Since Andrew and the Dish team gave me carte blanche to write about what I want, I’m going to go ahead and abuse the privilege by writing a defense of a largely-forgotten, eight-year-old movie, Richard Kelly’s Southland Tales. Because when it isn’t being ignored, it’s usually being reviled, which is a crime. Southland Tales is a masterpiece.
Explaining the plot of the movie could take up thousands of words—and in fact, already has. I’ll leave it to others to explore the complex web of plot lines, references, digressions, and symbols. Suffice is to say for now that Southland Tales is the story of America in the age of terror, an America where a nuclear terrorist attack on Texas leads to a massive surveillance infrastructure, a nascent resistance movement, and the desperate search for an alternative energy source in a world where the Middle East is on fire. While American wars rage in Syria and North Korea, the sprawling USIDENT surveillance system keeps tabs on us through both sophisticated electronic means and more old fashioned, soldiers-with-telescopes techniques. Meanwhile, a genius scientist has discovered Fluid Karma, seemingly a source of unlimited free energy, drawn from the endless churn of the oceans. When we enter the scene, Dwayne Johnson’s character Boxer Santeros, a Schwarzenegger-style movie star and fiancee of a powerful Senator’s daughter, has gone missing, having lost his memory in a mysterious event in the desert. During his disappearance, he’s shacked up with Krista Now, a porn star who wants to start a new life, and sees Santeros as her ticket out. The story really gets rolling when Santeros goes on an ill-fated ride along, ostensibly to research a movie role, with a cop named Roland Taverner—or is it Ronald? Then there’s the question of Santeros and Now’s screenplay, The Power, which keeps mimicking real life….
But, well, there I go, getting into the plot without really meaning to. The movie’s like that.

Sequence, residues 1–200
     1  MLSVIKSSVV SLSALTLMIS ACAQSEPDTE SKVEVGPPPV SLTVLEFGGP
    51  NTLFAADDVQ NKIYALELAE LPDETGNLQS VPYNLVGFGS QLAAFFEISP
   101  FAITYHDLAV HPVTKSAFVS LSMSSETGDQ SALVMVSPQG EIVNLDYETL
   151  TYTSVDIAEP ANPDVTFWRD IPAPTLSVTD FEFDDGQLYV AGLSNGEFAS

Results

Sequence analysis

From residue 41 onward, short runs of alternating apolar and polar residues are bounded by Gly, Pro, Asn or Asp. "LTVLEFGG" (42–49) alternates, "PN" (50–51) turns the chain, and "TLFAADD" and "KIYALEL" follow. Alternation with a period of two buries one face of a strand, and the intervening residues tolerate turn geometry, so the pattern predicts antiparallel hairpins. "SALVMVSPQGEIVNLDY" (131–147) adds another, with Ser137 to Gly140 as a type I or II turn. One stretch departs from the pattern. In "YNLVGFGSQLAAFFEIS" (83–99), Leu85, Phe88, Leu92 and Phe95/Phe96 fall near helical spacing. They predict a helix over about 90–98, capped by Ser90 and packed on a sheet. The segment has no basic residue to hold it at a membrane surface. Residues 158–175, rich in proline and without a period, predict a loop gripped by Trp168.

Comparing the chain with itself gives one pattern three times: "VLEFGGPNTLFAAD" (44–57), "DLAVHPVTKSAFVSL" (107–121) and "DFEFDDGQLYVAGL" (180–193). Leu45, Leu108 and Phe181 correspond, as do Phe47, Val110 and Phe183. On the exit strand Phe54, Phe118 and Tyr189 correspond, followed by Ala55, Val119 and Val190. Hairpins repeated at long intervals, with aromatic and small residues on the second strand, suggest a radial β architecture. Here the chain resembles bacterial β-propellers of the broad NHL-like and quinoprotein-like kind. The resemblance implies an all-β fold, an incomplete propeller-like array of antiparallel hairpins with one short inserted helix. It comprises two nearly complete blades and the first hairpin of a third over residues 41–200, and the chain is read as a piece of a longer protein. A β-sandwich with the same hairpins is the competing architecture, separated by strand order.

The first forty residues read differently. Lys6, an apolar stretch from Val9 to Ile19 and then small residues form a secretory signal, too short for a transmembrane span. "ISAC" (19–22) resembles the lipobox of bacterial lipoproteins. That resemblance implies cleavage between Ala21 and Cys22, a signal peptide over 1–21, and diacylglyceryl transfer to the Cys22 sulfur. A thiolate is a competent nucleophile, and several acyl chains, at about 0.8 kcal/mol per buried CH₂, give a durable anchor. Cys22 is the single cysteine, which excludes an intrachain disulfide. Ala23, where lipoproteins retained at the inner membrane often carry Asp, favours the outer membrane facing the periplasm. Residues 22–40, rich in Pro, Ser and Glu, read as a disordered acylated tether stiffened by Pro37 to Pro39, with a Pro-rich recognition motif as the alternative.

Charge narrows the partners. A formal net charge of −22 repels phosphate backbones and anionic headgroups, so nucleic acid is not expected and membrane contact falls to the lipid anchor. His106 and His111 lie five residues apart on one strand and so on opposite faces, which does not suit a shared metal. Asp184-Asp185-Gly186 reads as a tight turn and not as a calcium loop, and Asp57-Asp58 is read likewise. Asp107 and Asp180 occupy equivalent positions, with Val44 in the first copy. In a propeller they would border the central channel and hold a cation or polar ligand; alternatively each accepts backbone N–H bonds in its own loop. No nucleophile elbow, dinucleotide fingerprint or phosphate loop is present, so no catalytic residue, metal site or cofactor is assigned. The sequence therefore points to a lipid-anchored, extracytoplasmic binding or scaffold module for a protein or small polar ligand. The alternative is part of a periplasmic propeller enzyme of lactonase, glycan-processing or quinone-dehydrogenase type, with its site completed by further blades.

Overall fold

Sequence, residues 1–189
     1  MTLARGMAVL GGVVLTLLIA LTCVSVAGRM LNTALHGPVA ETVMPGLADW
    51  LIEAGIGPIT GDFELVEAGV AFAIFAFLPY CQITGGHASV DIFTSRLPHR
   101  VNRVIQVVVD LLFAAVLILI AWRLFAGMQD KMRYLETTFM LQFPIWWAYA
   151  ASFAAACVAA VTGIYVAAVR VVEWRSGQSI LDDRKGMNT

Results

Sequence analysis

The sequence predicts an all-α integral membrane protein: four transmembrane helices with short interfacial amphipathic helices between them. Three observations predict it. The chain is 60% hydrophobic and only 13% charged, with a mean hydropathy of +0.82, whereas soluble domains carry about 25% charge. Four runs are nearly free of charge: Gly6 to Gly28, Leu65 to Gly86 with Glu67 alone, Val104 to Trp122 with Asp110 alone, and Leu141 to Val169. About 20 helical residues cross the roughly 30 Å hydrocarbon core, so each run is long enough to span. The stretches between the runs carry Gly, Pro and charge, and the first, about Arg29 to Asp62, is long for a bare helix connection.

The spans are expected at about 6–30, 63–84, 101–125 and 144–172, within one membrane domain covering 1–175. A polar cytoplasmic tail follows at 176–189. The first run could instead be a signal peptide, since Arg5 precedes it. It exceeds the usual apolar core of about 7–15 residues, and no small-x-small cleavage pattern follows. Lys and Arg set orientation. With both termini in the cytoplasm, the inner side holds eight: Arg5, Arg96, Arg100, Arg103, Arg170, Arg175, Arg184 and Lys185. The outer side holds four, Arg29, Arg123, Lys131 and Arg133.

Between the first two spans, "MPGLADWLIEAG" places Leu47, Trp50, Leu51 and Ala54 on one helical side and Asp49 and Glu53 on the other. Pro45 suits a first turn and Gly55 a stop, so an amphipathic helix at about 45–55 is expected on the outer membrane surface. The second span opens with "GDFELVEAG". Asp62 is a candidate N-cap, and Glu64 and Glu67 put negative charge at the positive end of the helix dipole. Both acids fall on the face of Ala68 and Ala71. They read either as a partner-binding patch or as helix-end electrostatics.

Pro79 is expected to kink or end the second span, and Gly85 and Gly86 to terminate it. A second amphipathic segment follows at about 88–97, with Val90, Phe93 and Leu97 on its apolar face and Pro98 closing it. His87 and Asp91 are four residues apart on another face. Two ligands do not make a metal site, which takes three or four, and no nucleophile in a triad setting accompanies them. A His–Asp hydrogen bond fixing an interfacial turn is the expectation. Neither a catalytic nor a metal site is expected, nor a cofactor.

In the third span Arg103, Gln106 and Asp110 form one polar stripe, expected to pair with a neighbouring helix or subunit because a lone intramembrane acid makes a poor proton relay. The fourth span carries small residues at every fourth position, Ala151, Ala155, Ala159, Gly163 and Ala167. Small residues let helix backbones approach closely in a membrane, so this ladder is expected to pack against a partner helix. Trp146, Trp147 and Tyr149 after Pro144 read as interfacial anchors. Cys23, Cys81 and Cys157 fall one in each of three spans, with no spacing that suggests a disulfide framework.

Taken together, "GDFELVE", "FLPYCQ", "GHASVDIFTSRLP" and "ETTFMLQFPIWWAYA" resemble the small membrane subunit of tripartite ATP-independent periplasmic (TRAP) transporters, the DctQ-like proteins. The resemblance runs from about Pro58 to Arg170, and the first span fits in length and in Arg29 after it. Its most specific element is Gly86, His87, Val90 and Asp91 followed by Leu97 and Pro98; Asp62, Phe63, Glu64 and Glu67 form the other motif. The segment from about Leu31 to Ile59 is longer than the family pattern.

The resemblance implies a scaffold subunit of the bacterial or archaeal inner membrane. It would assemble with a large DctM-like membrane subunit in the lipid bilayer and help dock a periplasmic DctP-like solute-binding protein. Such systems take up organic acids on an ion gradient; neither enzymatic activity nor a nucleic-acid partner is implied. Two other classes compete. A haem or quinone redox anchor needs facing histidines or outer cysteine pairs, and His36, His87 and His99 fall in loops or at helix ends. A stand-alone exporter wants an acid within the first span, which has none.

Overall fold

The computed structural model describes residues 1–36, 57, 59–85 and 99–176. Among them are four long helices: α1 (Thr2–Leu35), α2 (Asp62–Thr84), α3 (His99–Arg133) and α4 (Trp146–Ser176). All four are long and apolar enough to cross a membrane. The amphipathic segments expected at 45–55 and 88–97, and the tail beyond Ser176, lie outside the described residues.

You won’t understand everything happening in the movie the first time you watch it, and you aren’t really meant to. Among its many references and influences are the great film noirs of the past, and like those films Southland Tales is usually experienced in a state of mild confusion, comprehension always lagging just behind the progression of the Byzantine plot. But you don’t need to understand all of what’s going on for the themes to resonate, or to enjoy the many fantastic set pieces, which are sometimes hilarious and sometimes gorgeous. The characters are pulled into these moments in surprising ways. All of them are portrayed as at least partially comic, and yet all are allowed to entertain grandiose schemes and levels of self-importance. Wallace Shawn’s mad scientist wears the haircut of a synth player from some 80s Euro band; Cheri Oteri’s witless revolutionary/con woman makes up for her bad plans with a talent for violence; Zelda Rubinstein, the diminutive actress from the Poltergeist movies, quotes T.S. Eliot. Kelly arranges them in carefully choreographed moments that play out almost as skits within the larger narrative, and it’s here that they are allowed to achieve some sort of dignity, or at least self-determination. A staged domestic disturbance between Amy Poehler and Wood Harris from the Wire turned real shooting bleeds out into a paranoid escape across the foggy, overgrown lawns of suburban LA, set to The Pixies. The Rock, Mandy Moore, and Buffy the Vampire Slayer dance to Moby in a scene right out of your senior prom. A hallucinating Justin Timberlake, shirt covered in blood, lip syncs to the Killers in a psychedelic arcade. Gorgeous, every frame.